Three boats racing around the world are rounding significant points of land today. First, in the Volvo Ocean Race, Groupama 4 rounded Cape Horn in daylight clear enough to get a really good picture.
Puma, nipping at their heels, rounded the Horn less than an hour later. The two boats have been 10-17 miles apart during the last couple of updates. “Puma is now our most dangerous rival," said Groupama skipper Franck Cammas, "so we’re sailing according to what she does."
Meanwhile, 1,000 miles back, Abu Dhabi carried out a five-hour mid-ocean repair job, stalling out their boat and heeling it over to repair delamination to a mid-section of the hull. Bowman Justin Slattery was lowered overboard while securely fastened to a halyard, so that he could tighten bolts on the outside of the hull. “We’ve basically joined the skins back together with a mechanical fix,” skipper Ian Walker said. Watch a video of the repair below, then see www.volvooceanrace.com for more.
And the third boat rounding a significant point of land today? She’s Gold Coast Australia, which should be coming around Point Reyes any minute now, closing in on the Golden Gate Bridge finish line of Leg 6 from Qingdao, China, in the Clipper Round the World Race. She’ll be docking at Jack London Square in Oakland, and Latitude 38 is in charge of welcoming her into port. You can follow her progress, and that of the nine boats chasing her in a tight group, via the Race Viewer on www.clipperroundtheworld.com. And if you’d like to help Latitude staff and friends greet Gold Coast, sign up here for email updates on the greeting time and activities.
Two sailors were rescued by the Coast Guard in the early morning hours yesterday after their 34-ft sailboat was rolled and dismasted near the entrance to Morro Bay. Paul Bloch and Ken Price told KSBY News that they were on their way to the Bay from Marina del Rey when a "rogue wave" hit them around 12 a.m., sending the boat on a 360 that threw Bloch out of the boat. "We flipped all the way around in slow motion," Price recalled. "It was very surreal — everything in there was flying."
Bloch was able to reboard the boat but the rollover had taken the mast and killed their power, putting the men in even more danger as they drifted toward shore. "We had a handheld VHF that saved our lives," Bloch told the reporter. They were able to call a mayday and set off a flare, then anchored the boat outside Morro Bay until two 47-ft lifeboats arrived on the scene. The sailors were transferred to medical personnel on shore but the Coast Guard reports they suffered no injuries. The boat was towed to Port San Luis and hauled out yesterday.
We don’t normally report on medical issues, but notes from a couple of sailors currently traveling in Mexico have put whooping cough into the spotlight. They report that they became very ill with this highly contagious bacterial disease (also termed pertussis), as have others within the sailing community. Most importantly, though, they want readers to be aware that, even if you were vaccinated as a child, you should also receive an adult booster.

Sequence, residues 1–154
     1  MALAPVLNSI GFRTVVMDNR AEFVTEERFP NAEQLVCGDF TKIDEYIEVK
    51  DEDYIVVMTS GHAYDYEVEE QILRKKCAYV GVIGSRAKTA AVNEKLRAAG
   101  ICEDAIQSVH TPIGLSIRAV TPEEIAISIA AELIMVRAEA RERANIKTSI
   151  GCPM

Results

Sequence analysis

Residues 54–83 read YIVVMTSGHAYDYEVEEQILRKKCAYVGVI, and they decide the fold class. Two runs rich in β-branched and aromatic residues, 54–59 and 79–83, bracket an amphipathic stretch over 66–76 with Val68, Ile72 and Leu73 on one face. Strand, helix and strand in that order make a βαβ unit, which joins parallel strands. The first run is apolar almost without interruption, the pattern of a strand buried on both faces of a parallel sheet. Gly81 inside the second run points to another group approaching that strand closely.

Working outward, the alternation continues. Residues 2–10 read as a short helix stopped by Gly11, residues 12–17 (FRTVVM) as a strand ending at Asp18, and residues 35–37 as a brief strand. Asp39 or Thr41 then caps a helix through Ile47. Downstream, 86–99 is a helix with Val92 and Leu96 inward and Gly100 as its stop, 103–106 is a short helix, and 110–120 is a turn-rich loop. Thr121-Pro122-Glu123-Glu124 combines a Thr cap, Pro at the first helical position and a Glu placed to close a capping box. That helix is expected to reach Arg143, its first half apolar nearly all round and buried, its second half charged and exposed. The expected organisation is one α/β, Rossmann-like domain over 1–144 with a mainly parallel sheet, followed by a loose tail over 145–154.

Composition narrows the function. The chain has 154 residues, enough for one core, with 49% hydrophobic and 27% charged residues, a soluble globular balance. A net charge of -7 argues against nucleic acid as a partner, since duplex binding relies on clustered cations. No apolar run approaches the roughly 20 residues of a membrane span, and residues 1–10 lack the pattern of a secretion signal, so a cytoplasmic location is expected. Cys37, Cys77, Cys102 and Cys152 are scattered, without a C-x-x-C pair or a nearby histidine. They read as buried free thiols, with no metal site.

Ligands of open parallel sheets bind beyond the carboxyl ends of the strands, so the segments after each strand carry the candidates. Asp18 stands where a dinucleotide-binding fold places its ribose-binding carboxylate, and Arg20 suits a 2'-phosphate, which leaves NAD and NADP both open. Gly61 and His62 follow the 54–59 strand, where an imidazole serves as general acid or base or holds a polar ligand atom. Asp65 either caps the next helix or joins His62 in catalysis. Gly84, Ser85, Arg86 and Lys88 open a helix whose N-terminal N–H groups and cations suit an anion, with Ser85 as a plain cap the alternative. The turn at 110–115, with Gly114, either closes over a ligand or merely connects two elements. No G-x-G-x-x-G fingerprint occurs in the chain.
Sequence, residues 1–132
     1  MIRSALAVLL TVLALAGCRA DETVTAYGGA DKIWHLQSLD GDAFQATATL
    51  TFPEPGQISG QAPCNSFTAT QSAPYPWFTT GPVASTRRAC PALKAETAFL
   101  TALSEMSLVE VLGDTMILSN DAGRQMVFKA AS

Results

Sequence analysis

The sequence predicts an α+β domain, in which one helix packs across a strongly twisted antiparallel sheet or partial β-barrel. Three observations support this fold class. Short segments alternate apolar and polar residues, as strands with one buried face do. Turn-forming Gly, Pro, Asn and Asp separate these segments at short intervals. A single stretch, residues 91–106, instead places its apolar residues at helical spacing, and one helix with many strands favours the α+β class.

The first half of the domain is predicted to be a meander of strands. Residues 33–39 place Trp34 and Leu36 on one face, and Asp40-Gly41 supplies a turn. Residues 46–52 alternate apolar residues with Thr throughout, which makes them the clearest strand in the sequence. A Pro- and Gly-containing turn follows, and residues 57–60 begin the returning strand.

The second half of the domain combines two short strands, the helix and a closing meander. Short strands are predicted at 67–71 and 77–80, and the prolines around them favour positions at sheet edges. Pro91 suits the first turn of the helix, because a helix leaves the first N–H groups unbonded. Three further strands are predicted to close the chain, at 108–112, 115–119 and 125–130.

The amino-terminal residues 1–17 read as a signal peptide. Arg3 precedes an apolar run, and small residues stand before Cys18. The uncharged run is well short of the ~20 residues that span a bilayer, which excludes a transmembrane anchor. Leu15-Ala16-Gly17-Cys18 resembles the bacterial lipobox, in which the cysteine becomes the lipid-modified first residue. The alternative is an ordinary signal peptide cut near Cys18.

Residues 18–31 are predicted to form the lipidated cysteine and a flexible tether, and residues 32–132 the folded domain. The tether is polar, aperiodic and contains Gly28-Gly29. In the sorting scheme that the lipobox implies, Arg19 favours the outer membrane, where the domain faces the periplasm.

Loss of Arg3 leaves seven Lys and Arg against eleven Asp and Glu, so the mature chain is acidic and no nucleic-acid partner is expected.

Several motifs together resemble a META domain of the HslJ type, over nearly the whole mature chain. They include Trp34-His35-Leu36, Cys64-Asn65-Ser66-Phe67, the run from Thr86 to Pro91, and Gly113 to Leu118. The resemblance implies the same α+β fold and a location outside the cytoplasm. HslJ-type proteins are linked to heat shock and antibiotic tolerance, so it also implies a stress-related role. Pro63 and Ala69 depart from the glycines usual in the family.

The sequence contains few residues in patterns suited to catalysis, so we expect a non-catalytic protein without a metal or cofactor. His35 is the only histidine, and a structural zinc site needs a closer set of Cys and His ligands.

But we’re not just talking to travelers. Outbreaks of whooping cough are also common in both the U.S. and Canada — which in some cases leads to death (5,000-10,000 annually in the U.S. alone).
A federal advisory panel recently recommended that ALL American adults get the adult version of the vaccine, especially those who spend time around small children, who are the most vulnerable to severe reactions. Children have been vaccinated against whooping cough since the ’40s, but the vaccine for adolescents and adults was not licensed until ’05.
So whether you’re about to fly off and play in the tropics or just hang out with family members, this advice is probably well worth heeding.
People often ask us where they ought to charter when going to the Caribbean for the first time. We usually recommend the British Virgins Islands, as it is to bareboat chartering what Vegas is to gambling. After all, it’s got the greatest number and variety of boats, lots of islands very close to each other, protected waters, and nearly all the country’s businesses are geared to bareboat chartering. You can go at any time of year, although late spring has the best weather.
If you and your group are more experienced and adventurous sailors, we recommend the St. Barth / St. Martin area, specifically between the St. Barth Bucket, which is in late March, and the Voiles de St. Barth, which is in early April. Indeed, if you and your friends have had a good year, we recommend chartering a boat out of St. Martin just before the start of the Bucket and all the way through the Voiles. After all, it just doesn’t get any better than that for experienced sailors.